Menstruation and Menstrual Hygiene-A Subject Best Swept Under The Rug

Menstruation is still a subject less talked about, in every section of society. Periods have long been associated with dirt, disgust, shame and some might even say fear. The social stigma and age-old unfounded myths attached to it can affect detrimentally both physically and psychologically for a young girl transitioning into womanhood. Even today in some communities, women are banished to sheds, during their period because of so-called “impurity” during menstruation, despite the ancient practice being outlawed.

The Situation Today

It is unfortunate that Menstruation is overwhelmingly considered the secret women’s business. Young girls are taught from a young age, they have to manage it privately and discreetly. This has resulted in negligible discussion on the subject in families leading to minimum information sharing towards the need of menstrual hygiene system in vast sections of the society. A large number of adolescent girls and women particularly in rural India are still weighed down by unfounded taboos that surround menarche and the subsequent management of the menstruation cycle.

How Well Is She Prepared?


The silence and shame and constant ignorance towards this natural phenomenon have caused the severe problem, constantly harming the health and dignity of women. Lack of knowledge about the process of menstruation and hygiene coupled with a large population lying in the low per capita income group ends up in shocking statistics in India. Based on official studies, 60% of girls miss school on account of menstruation.

A lot of girls are even forced to use natural materials like mud, cow-dung, ashes, newspaper, husk sand and dried leaves to aid absorption when they menstruate. These unhygienic materials put women at risk of reproductive tract infections leading to deadly diseases like cervical cancer.

The Changing Scenario

menstrual hygiene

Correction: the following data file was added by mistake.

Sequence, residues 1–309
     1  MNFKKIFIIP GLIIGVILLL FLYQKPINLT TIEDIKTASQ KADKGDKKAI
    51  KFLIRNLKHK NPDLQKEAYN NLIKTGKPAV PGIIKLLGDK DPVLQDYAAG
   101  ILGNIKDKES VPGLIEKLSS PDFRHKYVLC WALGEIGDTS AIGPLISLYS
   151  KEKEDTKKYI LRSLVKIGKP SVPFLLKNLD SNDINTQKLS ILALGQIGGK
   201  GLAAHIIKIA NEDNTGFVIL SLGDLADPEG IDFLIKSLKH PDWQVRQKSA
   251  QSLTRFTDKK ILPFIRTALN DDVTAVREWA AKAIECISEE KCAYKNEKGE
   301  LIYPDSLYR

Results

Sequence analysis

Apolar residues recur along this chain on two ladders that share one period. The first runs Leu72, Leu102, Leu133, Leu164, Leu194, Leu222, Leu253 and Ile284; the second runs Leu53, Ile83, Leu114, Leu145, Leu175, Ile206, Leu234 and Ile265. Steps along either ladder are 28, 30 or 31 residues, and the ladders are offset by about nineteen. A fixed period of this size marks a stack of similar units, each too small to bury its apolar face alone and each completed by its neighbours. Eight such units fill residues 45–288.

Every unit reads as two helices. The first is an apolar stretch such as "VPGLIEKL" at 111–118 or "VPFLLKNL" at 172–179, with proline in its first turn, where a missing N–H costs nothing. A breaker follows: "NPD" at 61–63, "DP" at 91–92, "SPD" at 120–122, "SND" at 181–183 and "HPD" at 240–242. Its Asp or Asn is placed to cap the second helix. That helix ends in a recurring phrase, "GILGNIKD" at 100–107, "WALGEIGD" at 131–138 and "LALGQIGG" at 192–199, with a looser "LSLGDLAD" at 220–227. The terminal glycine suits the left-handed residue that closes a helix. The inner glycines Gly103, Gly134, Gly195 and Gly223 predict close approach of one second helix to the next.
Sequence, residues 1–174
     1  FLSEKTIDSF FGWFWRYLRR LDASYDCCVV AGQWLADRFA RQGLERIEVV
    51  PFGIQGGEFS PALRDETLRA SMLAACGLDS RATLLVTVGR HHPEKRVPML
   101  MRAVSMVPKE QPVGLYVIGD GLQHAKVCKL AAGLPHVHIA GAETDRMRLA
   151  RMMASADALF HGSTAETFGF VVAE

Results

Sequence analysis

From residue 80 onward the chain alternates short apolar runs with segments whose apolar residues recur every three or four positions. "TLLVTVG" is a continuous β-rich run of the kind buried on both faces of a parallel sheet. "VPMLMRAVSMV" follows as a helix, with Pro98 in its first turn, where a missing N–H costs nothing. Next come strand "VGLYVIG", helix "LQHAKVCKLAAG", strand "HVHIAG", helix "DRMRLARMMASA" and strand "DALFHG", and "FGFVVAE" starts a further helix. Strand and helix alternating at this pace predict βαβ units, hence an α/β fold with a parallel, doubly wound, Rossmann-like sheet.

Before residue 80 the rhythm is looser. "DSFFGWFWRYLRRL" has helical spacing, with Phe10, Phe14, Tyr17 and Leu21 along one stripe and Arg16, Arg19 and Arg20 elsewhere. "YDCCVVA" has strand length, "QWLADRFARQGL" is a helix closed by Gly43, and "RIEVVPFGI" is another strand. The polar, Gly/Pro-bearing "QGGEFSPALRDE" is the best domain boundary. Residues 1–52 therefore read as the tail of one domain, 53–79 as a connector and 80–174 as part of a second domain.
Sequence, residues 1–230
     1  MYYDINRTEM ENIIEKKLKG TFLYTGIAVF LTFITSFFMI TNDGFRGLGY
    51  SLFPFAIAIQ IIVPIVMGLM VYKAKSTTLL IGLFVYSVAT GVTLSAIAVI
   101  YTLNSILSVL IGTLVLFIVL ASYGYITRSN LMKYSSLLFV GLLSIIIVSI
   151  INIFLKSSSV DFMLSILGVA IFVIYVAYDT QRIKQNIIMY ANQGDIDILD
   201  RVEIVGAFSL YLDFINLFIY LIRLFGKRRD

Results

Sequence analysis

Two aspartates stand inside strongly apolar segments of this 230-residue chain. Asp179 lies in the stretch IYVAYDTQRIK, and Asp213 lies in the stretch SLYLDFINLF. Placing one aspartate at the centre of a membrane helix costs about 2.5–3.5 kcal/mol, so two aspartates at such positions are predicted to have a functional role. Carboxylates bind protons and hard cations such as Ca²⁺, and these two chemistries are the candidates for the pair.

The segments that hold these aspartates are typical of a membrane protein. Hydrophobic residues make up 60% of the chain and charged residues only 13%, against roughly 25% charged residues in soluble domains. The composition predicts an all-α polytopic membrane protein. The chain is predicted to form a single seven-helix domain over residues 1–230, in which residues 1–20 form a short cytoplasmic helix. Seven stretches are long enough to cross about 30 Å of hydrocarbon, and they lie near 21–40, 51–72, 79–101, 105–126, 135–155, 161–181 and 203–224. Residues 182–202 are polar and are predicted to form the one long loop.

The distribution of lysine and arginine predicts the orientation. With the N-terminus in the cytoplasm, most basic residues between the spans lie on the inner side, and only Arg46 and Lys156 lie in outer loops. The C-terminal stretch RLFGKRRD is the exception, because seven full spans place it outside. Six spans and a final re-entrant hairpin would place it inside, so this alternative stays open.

The Silver Lining is that Awareness is on the rise and society is becoming increasingly conscious of the need to empower Women by emancipating them from unscientific beliefs about Menstruation. The taboo around menstruation has started to be seen as a threat to health and many people are willing to break this silence. Social media and information technology have also contributed to opening up spaces for dialoguing over menstrual taboos and in spreading awareness and sensitivity about the scale of the issue.

In the exploration of the origins and basis of menstrual taboo, looking at the perception of the menstrual cycle in different cultures and religions, the roots of almost every perception seems to be “Patriarchy”. Therefore the origin of the taboo certainly seems to be the discrimination that women have faced from primitive times. There is an institutionalized basis for these taboos to exercise control and authority over women.

Let’s Begin To Upgrade Ourselves

Overcoming this taboo is a point of contention among feminists. The primary argument behind this is the most important question, “If Menstruation is normal, there is no reason the topic should be avoided”. It is not only girls who need to grow about menstruation, but society as a whole. Multi-sectoral approaches are needed in this regard. Addressing the issue in a more holistic way by linking the physical infrastructure, water, and sanitation projects to health education and reproductive health programs is a mandate.

It’s high time we break the taboo and encourage conversations about periods, that surrounds the natural biological functions of the female body. While awareness is still very low, mothers do want and expect their adolescent daughters to be empowered with knowledge. The first step is to create a shift with this type of audience. The definite need of the hour is the training of peer educators, as young girls are most comfortable talking to their friends. With an aim to change mindsets, sparks conversations and start an urban dialogue to stir conversations around the menstrual cycle, allow Women to Embrace Periods.

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Fareha Nousheen




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